johnston: A military round is going to produce less than a self defense/hunting round because the military is limited by The Hague Convention 1899.

Please cite the particular hague convention which affects the 3,000 fps 55 or 62grain m16 bullet, thanks, I'd like to see what it say.

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Response to jimmy the one (Reply #16)

Sat Feb 9, 2013, 04:37 PM

17. expanding ammo

Oh it's lethal enough, just that it's more of a slow kill so the animal can run off, which is how it was designed, to exploit high muzzle velocity using a lightweight bullet so as to lessen the weight a soldier had to carry while not comprising his guns capability to 'incapacitate', which on a battlefield can cause an enemy to become demoralized by the moan of dying comrades, &/or the need for medic & stretcher bearers.
the law says anything under .23 caliber, really doesn't matter.

'Incap' is deemed better sometimes, didn't you know that?
Yes, I'm surprized you made the effort to research anything beyond disgraced historians turned bartenders.

t wasn't the intent to do that, just to note that the .223 while essentially 22 caliber, is an order of magnitude more powerful than a 22 long or short, & is disingenuous for gunnuts to argue otherwise or blow smoke on it.
But what "gun nut" made such a claim? The OP sounds more like a straw man more than anything else.

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Response to Dog Gone at Penigma (Original post)

Sat Feb 9, 2013, 04:50 PM

18. leg wound from m16

Warning - Graphic pictures depicting severe upper leg injury from m16, same as what an AR15 could do:

seriously, do not click on the link if severe wound pictures make you squeamish. Hope I'm not violating any rule here krispos, & pls note the ample warnings, but delete if you feel it's inappropriate, by all means.

Why you do not want to get shot with an M16...(Warning: Disturbing ...

This is why animals might not die straightaway, or why victims become incapacitated rather than deaded.

http://www.timawa.net/forum/index.php?topic=17111.0

(excerpt not from the picture site, but from facklers article): The thigh entrance wound will be small and punctuate. The first part of the tissue path will show minimal disruption. The exit will vary from the small punctuate hole described for the Soviet AK-47 to the stellate exit described for the Yugoslav AK-47, depending on how thick the thigh is where the bullet perforates it. In a sufficiently thick thigh, the M193 bullet fragmentation is also likely to cause a significant loss of tissue and possibly one or more small exit wounds near the large stellate one.

Makes me sick to stomach looking at this & reading wound ballistics, often did, why I gave up guns, want nothing to do.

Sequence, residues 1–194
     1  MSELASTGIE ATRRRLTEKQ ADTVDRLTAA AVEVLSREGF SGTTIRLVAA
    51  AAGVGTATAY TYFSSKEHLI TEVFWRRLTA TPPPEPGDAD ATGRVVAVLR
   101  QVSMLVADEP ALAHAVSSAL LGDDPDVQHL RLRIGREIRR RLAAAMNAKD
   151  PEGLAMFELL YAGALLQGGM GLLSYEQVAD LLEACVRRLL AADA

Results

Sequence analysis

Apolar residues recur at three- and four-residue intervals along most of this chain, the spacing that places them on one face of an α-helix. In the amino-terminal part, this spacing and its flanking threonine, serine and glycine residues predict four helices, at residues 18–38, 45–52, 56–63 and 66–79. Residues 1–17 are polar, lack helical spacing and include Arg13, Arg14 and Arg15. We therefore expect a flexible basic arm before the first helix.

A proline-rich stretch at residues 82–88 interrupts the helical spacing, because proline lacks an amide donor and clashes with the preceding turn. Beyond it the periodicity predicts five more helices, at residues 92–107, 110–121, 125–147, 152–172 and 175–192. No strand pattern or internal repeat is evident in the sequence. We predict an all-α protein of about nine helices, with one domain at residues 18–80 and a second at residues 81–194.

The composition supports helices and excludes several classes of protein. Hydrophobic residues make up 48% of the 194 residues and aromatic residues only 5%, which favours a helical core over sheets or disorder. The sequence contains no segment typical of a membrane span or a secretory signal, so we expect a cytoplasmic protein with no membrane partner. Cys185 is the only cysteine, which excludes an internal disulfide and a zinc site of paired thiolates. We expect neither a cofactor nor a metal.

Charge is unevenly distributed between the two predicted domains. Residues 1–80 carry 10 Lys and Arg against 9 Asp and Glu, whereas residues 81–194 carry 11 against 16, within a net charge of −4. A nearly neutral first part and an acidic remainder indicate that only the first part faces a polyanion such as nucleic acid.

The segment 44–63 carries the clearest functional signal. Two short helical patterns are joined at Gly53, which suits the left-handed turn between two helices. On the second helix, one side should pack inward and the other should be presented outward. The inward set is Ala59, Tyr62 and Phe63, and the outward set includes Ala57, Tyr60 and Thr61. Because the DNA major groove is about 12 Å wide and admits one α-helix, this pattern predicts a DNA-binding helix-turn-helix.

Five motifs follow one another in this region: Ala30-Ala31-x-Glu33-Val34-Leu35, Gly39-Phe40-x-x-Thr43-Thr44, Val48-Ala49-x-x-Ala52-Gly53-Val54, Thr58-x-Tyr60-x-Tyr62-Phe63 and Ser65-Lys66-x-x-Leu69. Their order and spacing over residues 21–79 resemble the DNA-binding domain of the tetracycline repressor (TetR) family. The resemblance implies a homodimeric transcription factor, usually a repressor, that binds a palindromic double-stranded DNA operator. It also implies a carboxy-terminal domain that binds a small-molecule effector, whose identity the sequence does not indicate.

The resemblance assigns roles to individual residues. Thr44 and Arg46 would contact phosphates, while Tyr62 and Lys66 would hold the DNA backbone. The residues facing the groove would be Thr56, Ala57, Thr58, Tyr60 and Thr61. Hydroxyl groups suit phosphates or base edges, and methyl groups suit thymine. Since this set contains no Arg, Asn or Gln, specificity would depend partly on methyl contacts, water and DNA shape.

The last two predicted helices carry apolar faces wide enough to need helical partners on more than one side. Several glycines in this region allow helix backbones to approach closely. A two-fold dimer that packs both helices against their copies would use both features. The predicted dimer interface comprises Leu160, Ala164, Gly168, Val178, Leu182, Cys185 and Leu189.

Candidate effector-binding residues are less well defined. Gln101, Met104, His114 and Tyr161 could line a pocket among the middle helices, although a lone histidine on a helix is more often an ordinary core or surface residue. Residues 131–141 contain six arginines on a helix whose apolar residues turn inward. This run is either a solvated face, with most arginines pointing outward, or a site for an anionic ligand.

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Response to Dog Gone at Penigma (Original post)

Sat Feb 9, 2013, 05:01 PM

19. As others have said, I doubt anyone has ever seriously claimed that the two rounds

are the same, and it doesn't seem that the person who created the image believes that the ".22 = .223" argument is ever seriously made either. Rather, it looks like WATMAB said the claim is made to test the knowledge level of the pro-gun-control participant in a conversation. (We played a game like that when I was a kid - usually involving knowledge about the Brady Bunch, which was seriously uncool - we called it a 'dope check' or a 'nerd test' or something like that.) I agree that it's a pretty silly debate tactic.

http://www.facebook.com/watmab

http://whiskeyandthemorningafter.blogspot.com/2013/02/not-all-bullets-are-same.html

But I do notice an unstated assumption in both your OP and WATMAB's blog: that is, that a non-trivial level of firearms knowledge really is necessary if one wants to have a useful and meaningful opinion on gun policy. In other words, all that talk about calibers and magazines and AW definitions and stocks and shrouds and suppressors isn't just gun porn after all. Who knew?



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Response to petronius (Reply #19)

Sat Feb 9, 2013, 05:28 PM

20. you want examples? examples

ProgressiveProfessor Who makes that argument? I have never seen it made in serious conversation

tues aft: me either ... never heard this claim in Any Conversation, serious or otherwise - Not to say that I


steve in panama city: There are several hunting rifles more powerful than an AR-15. And what about a shotgun? A 12-gauge shotgun is about the most dangerous gun at close range. How about a .22-caliber rifle or pistol? They {ARs} are just small-caliber guns, but the bullet travels at such a high velocity it can do more damage than most high-powered guns. And all these guns are semi-automatic.
http://www.newsherald.com/opinions/letters-to-the-editor/an-assault-rifle-may-not-be-what-you-think-it-is-1.68196

Tho he clearly qualifies what he's saying enough to gun folk, he does leave an impression of parity to the novitiate: When you look at the two calibers, the 22 long rifle bullet is not much smaller then the 223 Remington. If your shots are less then 100 yards, the 22 long rifle loaded with high grade bullets can get close to 223 Remington. Lets be honest, there is no way the 22 Long Rifle can match the ballistics of the 223 Remington.
There is not “that” much difference between the 22 long rifle bullet and the 223 Remington bullet. Keep in mind we are talking about bullet diameter and bullet weight, and not the cartridge length.